The ethnographic museum The Diving Village is located on the shore of the Persian Gulf in the historical district Al Shindagha. Here you will find out what traditional Arab life was like before the moment when oil was found in the country in the 1960s and the UAE became what it became.
The museum building is built in the classical Arabic style: light-colored stones, low towers to redirect wind currents, and special Arabic decor. In front of the entrance, you will see the traditional Arab boat jelbut. Arab fishermen fished for shells on such boats looking for pearls for centuries. In the museum, you will see several types of fishing boats, such as shashi reed boats, small baggaru boats, larger samaa boats, as well as familiar abras, which are still used for sailing along the canal, as well as large dhows.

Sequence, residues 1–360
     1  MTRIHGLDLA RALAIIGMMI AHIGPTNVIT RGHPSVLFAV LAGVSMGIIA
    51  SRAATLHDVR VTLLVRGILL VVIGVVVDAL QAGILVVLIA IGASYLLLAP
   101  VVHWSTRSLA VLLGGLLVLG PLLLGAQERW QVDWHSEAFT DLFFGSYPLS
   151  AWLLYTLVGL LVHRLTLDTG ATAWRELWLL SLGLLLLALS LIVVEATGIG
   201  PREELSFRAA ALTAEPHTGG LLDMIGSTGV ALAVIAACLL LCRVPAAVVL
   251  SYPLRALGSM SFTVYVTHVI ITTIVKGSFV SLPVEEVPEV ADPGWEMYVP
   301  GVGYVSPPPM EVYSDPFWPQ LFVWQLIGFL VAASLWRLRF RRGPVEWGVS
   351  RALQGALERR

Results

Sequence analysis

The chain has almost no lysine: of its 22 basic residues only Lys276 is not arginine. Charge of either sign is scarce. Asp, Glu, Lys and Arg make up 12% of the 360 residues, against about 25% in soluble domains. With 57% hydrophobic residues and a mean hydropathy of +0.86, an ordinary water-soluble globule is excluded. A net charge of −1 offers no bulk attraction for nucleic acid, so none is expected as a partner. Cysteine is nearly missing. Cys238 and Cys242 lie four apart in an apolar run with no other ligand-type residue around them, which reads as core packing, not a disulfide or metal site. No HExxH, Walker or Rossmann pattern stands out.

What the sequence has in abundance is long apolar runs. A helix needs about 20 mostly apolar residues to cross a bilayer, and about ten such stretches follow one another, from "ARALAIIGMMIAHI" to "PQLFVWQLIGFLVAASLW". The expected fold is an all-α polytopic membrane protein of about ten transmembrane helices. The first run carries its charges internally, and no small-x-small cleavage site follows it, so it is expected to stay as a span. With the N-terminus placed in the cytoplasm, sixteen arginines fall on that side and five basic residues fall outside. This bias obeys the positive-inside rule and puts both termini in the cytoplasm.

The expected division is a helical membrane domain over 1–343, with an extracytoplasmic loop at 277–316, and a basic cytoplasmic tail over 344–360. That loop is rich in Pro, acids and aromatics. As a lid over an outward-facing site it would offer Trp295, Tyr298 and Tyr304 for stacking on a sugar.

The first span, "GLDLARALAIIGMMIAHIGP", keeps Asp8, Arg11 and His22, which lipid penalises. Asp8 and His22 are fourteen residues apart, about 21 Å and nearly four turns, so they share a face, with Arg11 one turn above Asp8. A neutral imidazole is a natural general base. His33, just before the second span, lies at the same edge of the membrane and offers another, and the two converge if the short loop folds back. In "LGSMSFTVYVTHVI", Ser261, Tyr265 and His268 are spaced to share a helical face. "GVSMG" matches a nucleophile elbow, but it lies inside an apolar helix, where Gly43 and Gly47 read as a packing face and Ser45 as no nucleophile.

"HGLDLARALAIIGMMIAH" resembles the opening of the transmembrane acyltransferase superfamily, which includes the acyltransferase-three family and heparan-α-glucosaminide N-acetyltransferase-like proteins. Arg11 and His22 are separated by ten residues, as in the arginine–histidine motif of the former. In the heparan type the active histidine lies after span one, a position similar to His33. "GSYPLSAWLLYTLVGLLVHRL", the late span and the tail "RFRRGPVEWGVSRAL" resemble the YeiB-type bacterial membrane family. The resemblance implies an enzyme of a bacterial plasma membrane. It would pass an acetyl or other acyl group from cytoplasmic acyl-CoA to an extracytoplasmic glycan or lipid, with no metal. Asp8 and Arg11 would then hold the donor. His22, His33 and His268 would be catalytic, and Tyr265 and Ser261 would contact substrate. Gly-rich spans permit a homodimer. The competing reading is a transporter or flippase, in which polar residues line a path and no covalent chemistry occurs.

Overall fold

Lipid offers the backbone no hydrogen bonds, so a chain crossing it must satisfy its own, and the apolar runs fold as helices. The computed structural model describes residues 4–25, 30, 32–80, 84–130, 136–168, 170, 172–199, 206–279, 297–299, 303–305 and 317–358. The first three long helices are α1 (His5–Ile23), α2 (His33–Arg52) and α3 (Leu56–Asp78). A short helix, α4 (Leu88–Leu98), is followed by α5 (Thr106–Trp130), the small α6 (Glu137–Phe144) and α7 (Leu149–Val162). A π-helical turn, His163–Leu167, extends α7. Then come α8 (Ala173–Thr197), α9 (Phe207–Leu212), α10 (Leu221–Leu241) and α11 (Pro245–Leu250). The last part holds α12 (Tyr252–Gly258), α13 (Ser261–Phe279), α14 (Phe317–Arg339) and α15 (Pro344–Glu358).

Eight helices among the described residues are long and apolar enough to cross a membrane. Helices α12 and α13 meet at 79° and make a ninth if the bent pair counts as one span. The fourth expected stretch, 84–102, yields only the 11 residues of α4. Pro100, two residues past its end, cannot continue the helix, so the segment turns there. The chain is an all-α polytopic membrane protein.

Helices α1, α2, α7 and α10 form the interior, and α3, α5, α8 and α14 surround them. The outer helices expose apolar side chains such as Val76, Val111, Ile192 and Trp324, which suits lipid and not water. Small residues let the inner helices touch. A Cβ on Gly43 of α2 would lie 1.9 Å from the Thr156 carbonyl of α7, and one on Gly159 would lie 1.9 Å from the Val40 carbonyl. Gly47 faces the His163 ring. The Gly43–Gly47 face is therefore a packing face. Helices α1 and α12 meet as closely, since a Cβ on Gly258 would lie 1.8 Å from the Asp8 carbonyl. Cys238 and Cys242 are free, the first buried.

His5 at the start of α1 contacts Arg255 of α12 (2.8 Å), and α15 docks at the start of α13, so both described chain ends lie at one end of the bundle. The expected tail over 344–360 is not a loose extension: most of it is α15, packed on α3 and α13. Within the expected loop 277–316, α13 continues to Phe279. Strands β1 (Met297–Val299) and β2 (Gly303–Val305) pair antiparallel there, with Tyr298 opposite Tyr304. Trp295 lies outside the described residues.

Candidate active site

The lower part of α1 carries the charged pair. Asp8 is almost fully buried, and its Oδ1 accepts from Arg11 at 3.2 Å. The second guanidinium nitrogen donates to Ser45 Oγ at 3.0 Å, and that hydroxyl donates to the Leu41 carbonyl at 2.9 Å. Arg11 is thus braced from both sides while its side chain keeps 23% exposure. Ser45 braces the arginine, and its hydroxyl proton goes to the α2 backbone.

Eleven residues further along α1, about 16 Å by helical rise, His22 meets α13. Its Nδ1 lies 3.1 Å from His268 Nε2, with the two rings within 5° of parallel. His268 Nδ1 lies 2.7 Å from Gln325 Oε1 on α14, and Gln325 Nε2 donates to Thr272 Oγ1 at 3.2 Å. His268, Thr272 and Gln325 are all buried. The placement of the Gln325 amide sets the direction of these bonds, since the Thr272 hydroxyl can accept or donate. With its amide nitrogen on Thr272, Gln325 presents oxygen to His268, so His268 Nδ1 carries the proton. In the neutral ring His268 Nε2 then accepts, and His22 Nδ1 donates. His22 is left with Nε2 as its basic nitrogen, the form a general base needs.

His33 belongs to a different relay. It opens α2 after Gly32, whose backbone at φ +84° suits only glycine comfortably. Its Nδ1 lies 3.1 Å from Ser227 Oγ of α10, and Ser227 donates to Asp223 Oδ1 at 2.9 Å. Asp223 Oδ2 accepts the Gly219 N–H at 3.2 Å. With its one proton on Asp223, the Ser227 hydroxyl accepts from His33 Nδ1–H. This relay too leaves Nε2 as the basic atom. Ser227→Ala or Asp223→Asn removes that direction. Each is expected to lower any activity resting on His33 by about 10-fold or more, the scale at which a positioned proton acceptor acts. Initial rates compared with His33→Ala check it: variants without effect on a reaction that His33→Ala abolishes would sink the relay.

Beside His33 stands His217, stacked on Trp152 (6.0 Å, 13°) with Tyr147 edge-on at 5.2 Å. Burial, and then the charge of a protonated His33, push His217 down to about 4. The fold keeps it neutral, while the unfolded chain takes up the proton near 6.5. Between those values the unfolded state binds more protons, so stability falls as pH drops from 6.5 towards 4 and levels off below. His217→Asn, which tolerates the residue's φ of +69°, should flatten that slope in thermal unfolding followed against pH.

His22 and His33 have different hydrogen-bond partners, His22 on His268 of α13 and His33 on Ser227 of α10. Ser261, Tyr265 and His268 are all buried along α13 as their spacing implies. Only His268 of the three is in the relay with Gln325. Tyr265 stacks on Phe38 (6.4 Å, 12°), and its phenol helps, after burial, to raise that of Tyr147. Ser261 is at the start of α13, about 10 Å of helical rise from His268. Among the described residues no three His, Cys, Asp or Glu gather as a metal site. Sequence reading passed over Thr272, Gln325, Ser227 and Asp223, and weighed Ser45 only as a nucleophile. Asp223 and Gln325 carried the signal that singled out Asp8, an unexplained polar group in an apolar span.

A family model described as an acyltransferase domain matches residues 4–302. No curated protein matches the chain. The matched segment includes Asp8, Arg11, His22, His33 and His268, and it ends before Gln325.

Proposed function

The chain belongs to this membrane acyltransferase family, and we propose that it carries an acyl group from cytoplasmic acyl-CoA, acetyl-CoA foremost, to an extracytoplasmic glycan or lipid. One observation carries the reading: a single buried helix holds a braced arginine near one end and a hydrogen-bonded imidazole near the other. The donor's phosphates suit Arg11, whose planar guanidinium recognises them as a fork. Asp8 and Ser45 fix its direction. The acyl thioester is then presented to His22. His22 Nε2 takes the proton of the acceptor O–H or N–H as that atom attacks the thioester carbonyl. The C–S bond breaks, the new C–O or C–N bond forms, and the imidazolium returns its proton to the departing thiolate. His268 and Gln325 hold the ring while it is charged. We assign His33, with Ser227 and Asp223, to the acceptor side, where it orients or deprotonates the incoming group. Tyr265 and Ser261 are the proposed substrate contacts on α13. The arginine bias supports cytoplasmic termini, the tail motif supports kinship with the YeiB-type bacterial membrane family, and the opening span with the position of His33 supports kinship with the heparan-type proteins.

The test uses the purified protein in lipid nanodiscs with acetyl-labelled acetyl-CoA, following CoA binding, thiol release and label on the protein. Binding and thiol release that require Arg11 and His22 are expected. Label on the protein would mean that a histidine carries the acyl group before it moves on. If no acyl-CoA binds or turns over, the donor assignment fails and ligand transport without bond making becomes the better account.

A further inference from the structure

In addition to boats and ships, you will see many types of nets, such as the original domed net called mshedd. Several mshedds were set up on the bottom of the sea, and cages were set up around, the fish thought they had fallen into the reef, and the fishermen did not waste time filling the nets.
Also, there is a small pool in the museum, where you will be shown exactly how pearls were caught, and if there will be not enough information, you can go to the hall with photographs, which depict the real life of fishermen. The name of the village sounds very romantic, in fact, there was nothing romantic in such work. It was hard work, and pearl divers rarely lived to old age. From frequent diving, the brain had to constantly experience oxygen starvation, and saltwater corroded the mucous membranes and even the skin. Often the fishermen became blind or deaf. But there was no other work, and large families had to be fed. All this is told by the museum exposition and guide.
There are also souvenir shops to buy original souvenirs, such as pearls. And a little further, delicious coffee will be brewed for you and you will be treated with tasty oriental sweets.
The museum is open every day from 8.00 to 22.00, and on Fridays from 8.00 to 11.00 and from 16.00 to 22.00
The entrance is free.